Pavel K Baev
Peace Research Institute Oslo (PRIO)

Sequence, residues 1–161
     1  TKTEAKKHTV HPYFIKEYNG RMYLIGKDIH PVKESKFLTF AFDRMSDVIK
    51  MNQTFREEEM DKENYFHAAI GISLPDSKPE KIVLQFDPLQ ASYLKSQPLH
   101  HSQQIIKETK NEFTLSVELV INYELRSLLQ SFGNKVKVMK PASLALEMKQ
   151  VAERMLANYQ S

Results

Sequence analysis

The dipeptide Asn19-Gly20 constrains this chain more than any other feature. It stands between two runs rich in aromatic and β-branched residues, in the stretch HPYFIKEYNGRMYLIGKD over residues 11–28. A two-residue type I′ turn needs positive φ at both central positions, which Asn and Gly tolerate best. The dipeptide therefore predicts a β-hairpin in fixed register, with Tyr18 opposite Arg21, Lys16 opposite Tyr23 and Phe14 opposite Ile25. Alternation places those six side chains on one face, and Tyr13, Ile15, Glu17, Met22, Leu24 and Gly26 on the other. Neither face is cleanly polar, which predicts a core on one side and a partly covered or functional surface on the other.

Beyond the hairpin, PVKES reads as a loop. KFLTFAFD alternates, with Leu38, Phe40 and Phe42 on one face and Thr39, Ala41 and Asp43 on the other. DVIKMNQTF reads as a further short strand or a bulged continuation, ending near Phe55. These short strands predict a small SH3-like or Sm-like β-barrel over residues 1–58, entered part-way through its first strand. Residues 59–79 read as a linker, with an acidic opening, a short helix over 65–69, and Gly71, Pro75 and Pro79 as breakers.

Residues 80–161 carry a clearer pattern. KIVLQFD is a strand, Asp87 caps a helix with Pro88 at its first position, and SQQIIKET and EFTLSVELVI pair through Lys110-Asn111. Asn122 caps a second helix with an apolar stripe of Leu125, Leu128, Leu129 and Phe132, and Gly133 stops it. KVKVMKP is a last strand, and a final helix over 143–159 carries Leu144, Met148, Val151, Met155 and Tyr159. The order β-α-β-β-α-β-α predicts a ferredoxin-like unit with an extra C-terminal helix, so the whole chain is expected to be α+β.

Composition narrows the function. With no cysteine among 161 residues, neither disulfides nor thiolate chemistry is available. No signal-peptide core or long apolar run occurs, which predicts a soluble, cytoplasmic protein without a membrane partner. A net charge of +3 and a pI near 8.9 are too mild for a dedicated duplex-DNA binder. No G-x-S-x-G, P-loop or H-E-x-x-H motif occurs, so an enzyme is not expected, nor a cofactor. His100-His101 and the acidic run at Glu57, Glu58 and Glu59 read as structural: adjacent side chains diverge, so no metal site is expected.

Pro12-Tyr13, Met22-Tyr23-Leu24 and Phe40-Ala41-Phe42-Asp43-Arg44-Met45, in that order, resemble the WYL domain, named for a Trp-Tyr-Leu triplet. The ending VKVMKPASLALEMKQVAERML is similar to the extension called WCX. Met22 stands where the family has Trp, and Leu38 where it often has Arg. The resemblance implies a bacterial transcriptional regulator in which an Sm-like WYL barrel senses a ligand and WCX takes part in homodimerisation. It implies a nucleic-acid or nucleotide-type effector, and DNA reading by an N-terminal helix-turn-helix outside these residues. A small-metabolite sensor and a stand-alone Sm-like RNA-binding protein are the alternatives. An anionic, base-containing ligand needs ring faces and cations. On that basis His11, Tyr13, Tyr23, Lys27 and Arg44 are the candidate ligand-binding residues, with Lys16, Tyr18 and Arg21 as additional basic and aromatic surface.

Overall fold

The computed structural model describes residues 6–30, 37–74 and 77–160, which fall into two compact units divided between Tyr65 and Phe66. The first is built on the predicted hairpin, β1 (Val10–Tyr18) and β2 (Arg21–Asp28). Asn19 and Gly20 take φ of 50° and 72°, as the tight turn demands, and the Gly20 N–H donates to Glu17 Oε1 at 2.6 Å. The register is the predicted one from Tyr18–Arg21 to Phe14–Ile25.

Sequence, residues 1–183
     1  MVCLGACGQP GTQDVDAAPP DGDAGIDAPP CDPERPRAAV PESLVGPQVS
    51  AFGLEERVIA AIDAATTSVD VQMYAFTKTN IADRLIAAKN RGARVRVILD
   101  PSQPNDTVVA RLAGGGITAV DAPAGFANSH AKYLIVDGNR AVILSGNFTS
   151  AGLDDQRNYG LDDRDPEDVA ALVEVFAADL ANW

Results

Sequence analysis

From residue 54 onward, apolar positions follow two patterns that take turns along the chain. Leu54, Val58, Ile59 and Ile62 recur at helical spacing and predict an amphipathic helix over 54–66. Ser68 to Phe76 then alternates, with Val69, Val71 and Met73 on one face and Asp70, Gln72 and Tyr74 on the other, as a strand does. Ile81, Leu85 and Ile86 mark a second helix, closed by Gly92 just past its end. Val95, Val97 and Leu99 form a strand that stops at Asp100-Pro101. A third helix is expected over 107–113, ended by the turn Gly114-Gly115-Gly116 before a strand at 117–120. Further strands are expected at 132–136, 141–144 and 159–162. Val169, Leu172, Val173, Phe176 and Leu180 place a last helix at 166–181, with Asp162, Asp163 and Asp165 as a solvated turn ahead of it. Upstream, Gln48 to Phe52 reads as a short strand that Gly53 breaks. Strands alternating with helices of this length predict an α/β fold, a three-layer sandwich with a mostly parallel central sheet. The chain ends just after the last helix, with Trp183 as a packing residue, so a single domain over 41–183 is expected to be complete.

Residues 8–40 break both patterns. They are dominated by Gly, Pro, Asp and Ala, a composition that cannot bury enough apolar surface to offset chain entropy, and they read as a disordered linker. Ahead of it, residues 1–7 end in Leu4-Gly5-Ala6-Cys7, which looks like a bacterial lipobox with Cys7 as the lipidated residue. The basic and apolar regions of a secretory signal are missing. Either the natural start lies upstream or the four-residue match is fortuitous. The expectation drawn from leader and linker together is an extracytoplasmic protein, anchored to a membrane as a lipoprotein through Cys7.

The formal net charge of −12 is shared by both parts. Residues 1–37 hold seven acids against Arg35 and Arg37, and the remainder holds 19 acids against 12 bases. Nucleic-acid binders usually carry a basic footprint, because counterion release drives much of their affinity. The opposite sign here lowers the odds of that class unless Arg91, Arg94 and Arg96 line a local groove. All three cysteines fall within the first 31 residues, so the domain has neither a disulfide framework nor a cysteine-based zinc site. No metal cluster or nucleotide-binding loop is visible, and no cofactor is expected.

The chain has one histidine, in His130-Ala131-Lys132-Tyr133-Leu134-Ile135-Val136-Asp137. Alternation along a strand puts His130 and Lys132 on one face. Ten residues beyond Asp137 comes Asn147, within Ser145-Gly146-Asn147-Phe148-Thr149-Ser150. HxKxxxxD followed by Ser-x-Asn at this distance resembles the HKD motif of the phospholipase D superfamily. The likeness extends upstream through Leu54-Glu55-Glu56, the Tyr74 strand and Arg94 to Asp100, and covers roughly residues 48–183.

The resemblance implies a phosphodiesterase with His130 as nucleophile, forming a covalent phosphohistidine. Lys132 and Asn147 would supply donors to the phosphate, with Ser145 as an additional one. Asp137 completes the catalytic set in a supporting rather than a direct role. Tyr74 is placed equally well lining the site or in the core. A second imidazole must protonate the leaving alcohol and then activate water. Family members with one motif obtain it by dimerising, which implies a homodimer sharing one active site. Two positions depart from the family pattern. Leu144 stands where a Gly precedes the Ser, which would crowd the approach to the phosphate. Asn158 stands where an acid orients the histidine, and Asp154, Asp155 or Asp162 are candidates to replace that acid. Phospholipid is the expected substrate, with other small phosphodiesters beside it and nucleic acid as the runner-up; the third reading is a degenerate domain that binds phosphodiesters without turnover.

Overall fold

Two up-and-coming researchers and one in mid-career embarked on the hard task of investigating a complex and controversial phenomenon in Russian politics called Alexei Navalny – and produced a solid and very timely book. It is not a political biography, and with the subject of research behind bars, it is too early to write one. The evidence presented leaves no doubt that the incarceration is a means of political persecution, but the dispassionate narrative doesn't aim at building a case for setting Navalny free. Instead, the examination seeks to explain why the apparently stable regime takes this particular opponent, whose name is never pronounced in Putin's court, so seriously. The authors identify three sides in Navalny's on-going struggle – the anti-corruption activist, the politician, and the protester – and demonstrate how starting from a small base, he has been able in each kind of activity to gather a force of devoted followers and to make a difference in Russia's harsh political environment. It is not only a rare combination in his character of courage and sense of humour, devotion to the family and commitment to the cause that attracts veterans of resistance and young rebels to join his networks, but also the ability to use every uncensored means of modern communication against the tightly controlled old-fashioned media. Navalny's main strength is in connecting with younger generations, who feel denied the freedom of expression and innovation in the stifling atmosphere of autocracy upheld by the ageing clique of Putin's cronies. Their response to the challenge personified in one man, who refuses to learn the lesson from nearly deadly poisoning, is tougher repressions, but Russia's future cannot be defined by fear.